So, the oral formative feedback approach we have taken in our course was the right way to go about using Turnitin with our international students.
How Turnitin can help teachers
As it is a serious offense, teachers are often reluctant to directly accuse students of plagiarising (Hyland, 2001). But when they are presented with the colour-coded originality report, they cannot deny it (Barrett & Malcom, 2006).
Previously, when I came across a sentence or paragraph in a student’s work that I thought could have been copied from a source, I would copy the passage into Google and search for it. This was often effective but time-consuming. Also, the moment when students substituted some of the words, this approach did not always work.
Turnitin is better at identifying copied text that has gaps or in which some words have been replaced by synonyms (Davis & Carroll, 2009). It is also much faster in checking a text than the “Google approach”.
Automatic results of Turnitin (and I assume other such software) can only show possible plagiarism so teachers and students need to inspect the results, apply filters (as described above) and discuss problematic sections to make the tool really useful as a means to educate students (Barnett and Malcom, 2006). This can, however, become very time-consuming (Sagave, 2004).
There is also the danger that students who are allowed to see their reports and resubmit their drafts to Turnitin, can learn, with time, how to manipulate copied text so that Turnitin does not flag it as possible plagiarism anymore (Davis and Carroll, 2009).
Another issue is with copyright and privacy. Particularly postgrad students seem to be averse to submitting their work to Turnitin because the software adds each submitted work to their database (Savage, 2004).
One problem I had read about related to the previous point was that one can submit student work only once because when resubmitted it would all show up as plagiarised as the text was added to the Turnitin’s database. However, we found out that this was not the case automatically. When my students resubmitted their work, Turnitin showed the new result with a lower percentage of copied text.
A more serious problem is that Turnitin apparently only has access to websites but not to electronic or printed books (Sagave, 2004), which would limit its usability considerably.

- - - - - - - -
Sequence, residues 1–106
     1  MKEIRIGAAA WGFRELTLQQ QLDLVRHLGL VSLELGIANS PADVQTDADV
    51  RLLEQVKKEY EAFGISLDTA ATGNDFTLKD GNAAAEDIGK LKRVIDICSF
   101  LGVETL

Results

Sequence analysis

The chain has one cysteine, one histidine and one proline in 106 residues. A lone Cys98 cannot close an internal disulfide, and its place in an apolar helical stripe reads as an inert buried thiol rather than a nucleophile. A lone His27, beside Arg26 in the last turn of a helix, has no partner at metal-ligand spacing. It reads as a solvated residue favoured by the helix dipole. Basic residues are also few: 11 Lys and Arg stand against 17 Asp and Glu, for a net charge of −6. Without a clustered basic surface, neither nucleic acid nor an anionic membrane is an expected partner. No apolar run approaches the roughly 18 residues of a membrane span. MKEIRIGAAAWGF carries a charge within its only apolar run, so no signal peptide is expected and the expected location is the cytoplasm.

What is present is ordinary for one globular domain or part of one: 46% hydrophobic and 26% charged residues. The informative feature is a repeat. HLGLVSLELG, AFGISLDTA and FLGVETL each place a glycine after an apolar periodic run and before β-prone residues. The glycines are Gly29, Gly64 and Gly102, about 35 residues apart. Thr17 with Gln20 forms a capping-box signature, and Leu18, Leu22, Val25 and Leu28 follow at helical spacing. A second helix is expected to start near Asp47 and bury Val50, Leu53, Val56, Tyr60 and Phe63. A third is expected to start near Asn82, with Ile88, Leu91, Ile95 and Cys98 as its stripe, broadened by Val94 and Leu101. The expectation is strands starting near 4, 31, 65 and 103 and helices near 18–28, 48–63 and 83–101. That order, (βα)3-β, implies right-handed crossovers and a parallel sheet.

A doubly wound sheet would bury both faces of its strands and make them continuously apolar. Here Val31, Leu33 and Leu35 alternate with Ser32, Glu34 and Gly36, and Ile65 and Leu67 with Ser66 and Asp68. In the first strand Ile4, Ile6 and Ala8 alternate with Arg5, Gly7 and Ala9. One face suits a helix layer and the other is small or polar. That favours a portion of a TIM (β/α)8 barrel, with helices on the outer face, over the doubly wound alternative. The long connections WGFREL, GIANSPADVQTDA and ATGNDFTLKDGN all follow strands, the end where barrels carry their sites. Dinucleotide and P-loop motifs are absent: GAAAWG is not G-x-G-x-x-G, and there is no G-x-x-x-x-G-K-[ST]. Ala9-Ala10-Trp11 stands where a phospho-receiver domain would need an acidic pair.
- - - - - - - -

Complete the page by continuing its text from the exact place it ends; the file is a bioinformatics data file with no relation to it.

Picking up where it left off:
Personally, I liked using Turnitin with my students as a formative feedback tool besides other ways of helping them learn about plagiarism and referencing. As always there are limits to what a tool can do on its own. This is where the teacher’s experience and pedagogical knowledge comes into play. A pedagogical sound method of using Turnitin is to provide students with individual formative feedback using the originality report (Davis & Caroll, 2000) rather than using it for a ‘catch-and-punish’ approach (Carroll, 2005).
Turnitin offers some information on how to best use the software on their website. There are also links to webinars and a link to this plagiarism website, which might be useful in class.
** This year (2015) we were informed that it is against the University’s Turnitin policy to actually show/send students their reports. I assume this is because they might learn how to change sentences with issues so that Turnitin doesn’t recognise them as plagiarised anymore.
Barrett, R., & Malcolm, J. (2006). Embedding plagiarism education in the assessment process. International Journal for Educational Integrity, 2(1), 38-45. Available at: http://www.ojs.unisa.edu.au/index.php/IJEI/article/view/23/18 [Accessed 1 September 2013]
Carroll, J. (2005). Available at: http://www.jisc.ac.uk/uploaded_documents/plagFinal.pdf [Accessed 31 August 2013]
Davis, M. and Carroll, J. (2009) Formative feedback within plagiarism education: Is there a role for text-matching software? International Journal for Educational Integrity, 5(2), 58–70. Available at: http://www.ojs.unisa.edu.au/index.php/IJEI/article/view/614/471 [Accessed 17 Septermer 2013]
Hyland, F. (2001). Dealing with plagiarism when giving feedback. ELT Journal, 55(4)
Lake, J. (2004). EAP writing: the Chinese challenge; new Ideas on Plagiarism. Humanising Language Teaching, 6(1), online. Available at: http://www.hltmag.co.uk/jan04/mart4.htm [Accessed 20 September 2013]
Savage, Sh. (2004). Staff and Student Responses to a Trial of Turnitin Plagiarism Detection Software. Proceedings of the Australian Universities Quality Forum 2004, 150-155. Available at: http://citeseerx.ist.psu.edu/viewdoc/download?doi=10.1.1.117.9504&rep=rep1&type=pdf [Accessed 20 September 2013]
Wette, R. (2010). Evaluating student learning in a university-level EAP unit on writing using sources. Journal of Second Language Writing, 19, 158–177.